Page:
Atheists pressure city to remove 91-year-old memorial cross

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An atheist group is pressuring Woonsocket, R.I., to remove a 91-year-old Latin cross located in the City of Woonsocket’s fire station parking lot.

The Wisconsin-based Freedom From Religion Foundation (FFRF) announced this week that they had sent a letter to Woonsocket Mayor Leo Fontaine requesting that the city not only remove the cross, but also scrub a memorial angel and prayer — which they describe as “woefully out of date” — from the fire department’s website.

According to the group, it is illegal for the city to promote any religion.

“It is unlawful for a city government and its agencies to display patently religious symbols and messages on city property,” FFRF’s senior staff attorney, Rebecca Market, wrote in the letter to Fontaine. “The website impermissibly demonstrates a preference for religion over nonreligion. The Latin cross at the fire station demonstrates Woonsocket’s preference for Christianity over other religions and nonreligion. Such government endorsements of religion runs afoul of the Establishment Clause of the United States Constitution.”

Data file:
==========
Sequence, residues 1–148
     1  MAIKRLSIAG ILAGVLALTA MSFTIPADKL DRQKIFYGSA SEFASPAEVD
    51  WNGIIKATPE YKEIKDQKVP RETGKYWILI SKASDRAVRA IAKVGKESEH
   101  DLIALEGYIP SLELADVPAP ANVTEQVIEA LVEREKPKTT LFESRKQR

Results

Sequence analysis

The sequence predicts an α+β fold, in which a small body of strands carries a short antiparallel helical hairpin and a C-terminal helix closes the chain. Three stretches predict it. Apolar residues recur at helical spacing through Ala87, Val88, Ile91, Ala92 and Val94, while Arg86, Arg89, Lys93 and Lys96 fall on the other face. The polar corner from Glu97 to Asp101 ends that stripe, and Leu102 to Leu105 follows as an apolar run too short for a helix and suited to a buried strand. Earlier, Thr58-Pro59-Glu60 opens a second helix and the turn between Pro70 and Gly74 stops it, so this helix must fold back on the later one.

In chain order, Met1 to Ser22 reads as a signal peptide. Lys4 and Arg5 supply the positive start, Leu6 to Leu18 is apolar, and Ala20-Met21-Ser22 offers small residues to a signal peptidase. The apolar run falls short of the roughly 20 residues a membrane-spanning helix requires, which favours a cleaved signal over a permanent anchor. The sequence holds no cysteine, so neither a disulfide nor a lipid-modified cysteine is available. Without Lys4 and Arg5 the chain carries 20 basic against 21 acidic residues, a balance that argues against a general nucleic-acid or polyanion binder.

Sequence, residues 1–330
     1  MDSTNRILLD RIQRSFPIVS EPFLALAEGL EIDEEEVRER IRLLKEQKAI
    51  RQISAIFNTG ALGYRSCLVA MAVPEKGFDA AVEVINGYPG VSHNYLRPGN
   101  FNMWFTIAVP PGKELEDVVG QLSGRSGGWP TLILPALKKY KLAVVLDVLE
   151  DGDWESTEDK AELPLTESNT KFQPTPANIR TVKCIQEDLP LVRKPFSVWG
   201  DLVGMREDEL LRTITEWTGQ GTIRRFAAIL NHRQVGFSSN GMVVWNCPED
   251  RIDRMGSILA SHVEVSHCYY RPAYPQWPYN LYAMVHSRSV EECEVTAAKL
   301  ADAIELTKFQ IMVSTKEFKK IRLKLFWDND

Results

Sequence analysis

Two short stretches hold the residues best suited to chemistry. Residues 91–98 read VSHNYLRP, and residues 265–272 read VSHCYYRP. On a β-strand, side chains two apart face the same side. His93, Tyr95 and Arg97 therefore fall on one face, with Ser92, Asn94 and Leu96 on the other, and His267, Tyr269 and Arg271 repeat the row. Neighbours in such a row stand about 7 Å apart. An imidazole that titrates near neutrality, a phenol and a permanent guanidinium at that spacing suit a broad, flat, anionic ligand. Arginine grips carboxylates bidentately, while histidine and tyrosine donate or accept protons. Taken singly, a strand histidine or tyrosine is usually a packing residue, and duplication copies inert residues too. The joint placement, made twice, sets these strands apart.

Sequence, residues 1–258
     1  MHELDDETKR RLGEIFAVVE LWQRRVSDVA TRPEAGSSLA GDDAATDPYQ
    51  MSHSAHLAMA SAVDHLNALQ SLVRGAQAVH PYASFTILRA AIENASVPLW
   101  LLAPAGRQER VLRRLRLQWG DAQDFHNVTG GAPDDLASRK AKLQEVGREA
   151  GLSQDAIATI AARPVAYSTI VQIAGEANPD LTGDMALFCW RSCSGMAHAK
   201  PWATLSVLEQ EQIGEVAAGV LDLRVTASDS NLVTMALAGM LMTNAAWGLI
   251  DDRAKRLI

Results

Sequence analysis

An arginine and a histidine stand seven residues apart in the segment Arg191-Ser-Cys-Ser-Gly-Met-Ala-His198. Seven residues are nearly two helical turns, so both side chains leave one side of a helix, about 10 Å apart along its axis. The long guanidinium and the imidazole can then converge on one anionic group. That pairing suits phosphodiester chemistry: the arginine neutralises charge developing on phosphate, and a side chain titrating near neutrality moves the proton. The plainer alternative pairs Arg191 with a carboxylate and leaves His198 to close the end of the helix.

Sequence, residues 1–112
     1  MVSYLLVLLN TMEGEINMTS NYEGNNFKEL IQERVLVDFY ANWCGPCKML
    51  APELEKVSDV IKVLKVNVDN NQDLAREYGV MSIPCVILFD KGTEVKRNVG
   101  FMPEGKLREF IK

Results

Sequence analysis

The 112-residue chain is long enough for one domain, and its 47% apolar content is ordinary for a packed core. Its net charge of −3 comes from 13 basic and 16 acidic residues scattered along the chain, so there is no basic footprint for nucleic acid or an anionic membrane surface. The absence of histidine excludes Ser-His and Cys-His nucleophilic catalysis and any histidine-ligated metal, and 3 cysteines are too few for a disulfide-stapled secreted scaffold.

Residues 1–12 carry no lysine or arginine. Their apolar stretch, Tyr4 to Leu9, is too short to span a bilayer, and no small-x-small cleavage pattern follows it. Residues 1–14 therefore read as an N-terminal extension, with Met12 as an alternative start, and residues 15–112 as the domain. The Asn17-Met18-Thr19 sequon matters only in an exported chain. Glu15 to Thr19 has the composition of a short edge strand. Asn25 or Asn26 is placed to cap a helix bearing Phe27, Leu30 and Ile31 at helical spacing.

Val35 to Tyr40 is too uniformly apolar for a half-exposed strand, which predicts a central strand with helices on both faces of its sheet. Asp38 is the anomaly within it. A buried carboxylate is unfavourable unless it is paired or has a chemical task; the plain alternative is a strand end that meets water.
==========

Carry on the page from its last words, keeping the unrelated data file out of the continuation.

FFRF wants the city to “immediately remove the cross from the fire station parking lot and remove the prayer and angel from the Woonsocket Fire Department website.”

According to the atheist group, their complaint to the city was spurred by a “concerned Woonsocket resident.”

The World War I memorial cross has been a staple of the city since it was erected in 1921 to honor Woonsocket veterans.

The Woonsocket Call has reported that with the city close to bankruptcy, it likely cannot afford a legal battle with the group.

Fontaine told the local paper that the city is examining options and various ways to keep the cross.

“I have no intention of removing the cross under any circumstances,” Fontaine said.

On Wednesday, Woonsocket City Council President John F. Ward defended the cross: “I think the organization is completely off base in their objections,” Ward told The Providence Journal, adding that if “they were right then we would have to rebuild the Supreme Court houses in Washington… and we would have to close the Arlington National Cemetery.”

The fire department web page continues to feature the prayer and angel.

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